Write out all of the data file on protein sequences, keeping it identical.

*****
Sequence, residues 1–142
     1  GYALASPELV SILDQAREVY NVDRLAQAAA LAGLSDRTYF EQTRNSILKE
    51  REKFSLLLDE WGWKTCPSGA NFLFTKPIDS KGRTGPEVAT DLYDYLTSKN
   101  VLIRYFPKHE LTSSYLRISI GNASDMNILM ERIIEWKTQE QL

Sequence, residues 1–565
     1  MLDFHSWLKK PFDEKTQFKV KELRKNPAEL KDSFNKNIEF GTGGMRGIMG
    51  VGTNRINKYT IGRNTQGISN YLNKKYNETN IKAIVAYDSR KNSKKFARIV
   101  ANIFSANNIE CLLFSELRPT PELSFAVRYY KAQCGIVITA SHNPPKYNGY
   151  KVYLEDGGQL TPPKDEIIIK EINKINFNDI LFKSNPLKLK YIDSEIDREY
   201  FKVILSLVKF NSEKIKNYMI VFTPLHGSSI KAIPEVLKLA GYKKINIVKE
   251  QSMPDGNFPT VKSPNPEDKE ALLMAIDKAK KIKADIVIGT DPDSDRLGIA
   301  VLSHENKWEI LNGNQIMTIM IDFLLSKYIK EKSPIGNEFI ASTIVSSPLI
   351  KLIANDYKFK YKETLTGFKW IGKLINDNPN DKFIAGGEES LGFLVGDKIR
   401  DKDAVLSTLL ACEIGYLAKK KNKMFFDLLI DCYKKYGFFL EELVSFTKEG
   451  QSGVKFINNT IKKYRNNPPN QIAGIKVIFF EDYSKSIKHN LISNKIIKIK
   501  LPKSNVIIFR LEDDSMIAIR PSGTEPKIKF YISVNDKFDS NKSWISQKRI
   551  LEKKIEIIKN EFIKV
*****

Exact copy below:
Sequence, residues 1–142
     1  GYALASPELV SILDQAREVY NVDRLAQAAA LAGLSDRTYF EQTRNSILKE
    51  REKFSLLLDE WGWKTCPSGA NFLFTKPIDS KGRTGPEVAT DLYDYLTSKN
   101  VLIRYFPKHE LTSSYLRISI GNASDMNILM ERIIEWKTQE QL

Sequence, residues 1–565
     1  MLDFHSWLKK PFDEKTQFKV KELRKNPAEL KDSFNKNIEF GTGGMRGIMG
    51  VGTNRINKYT IGRNTQGISN YLNKKYNETN IKAIVAYDSR KNSKKFARIV
   101  ANIFSANNIE CLLFSELRPT PELSFAVRYY KAQCGIVITA SHNPPKYNGY
   151  KVYLEDGGQL TPPKDEIIIK EINKINFNDI LFKSNPLKLK YIDSEIDREY
   201  FKVILSLVKF NSEKIKNYMI VFTPLHGSSI KAIPEVLKLA GYKKINIVKE
   251  QSMPDGNFPT VKSPNPEDKE ALLMAIDKAK KIKADIVIGT DPDSDRLGIA
   301  VLSHENKWEI LNGNQIMTIM IDFLLSKYIK EKSPIGNEFI ASTIVSSPLI
   351  KLIANDYKFK YKETLTGFKW IGKLINDNPN DKFIAGGEES LGFLVGDKIR
   401  DKDAVLSTLL ACEIGYLAKK KNKMFFDLLI DCYKKYGFFL EELVSFTKEG
   451  QSGVKFINNT IKKYRNNPPN QIAGIKVIFF EDYSKSIKHN LISNKIIKIK
   501  LPKSNVIIFR LEDDSMIAIR PSGTEPKIKF YISVNDKFDS NKSWISQKRI
   551  LEKKIEIIKN EFIKV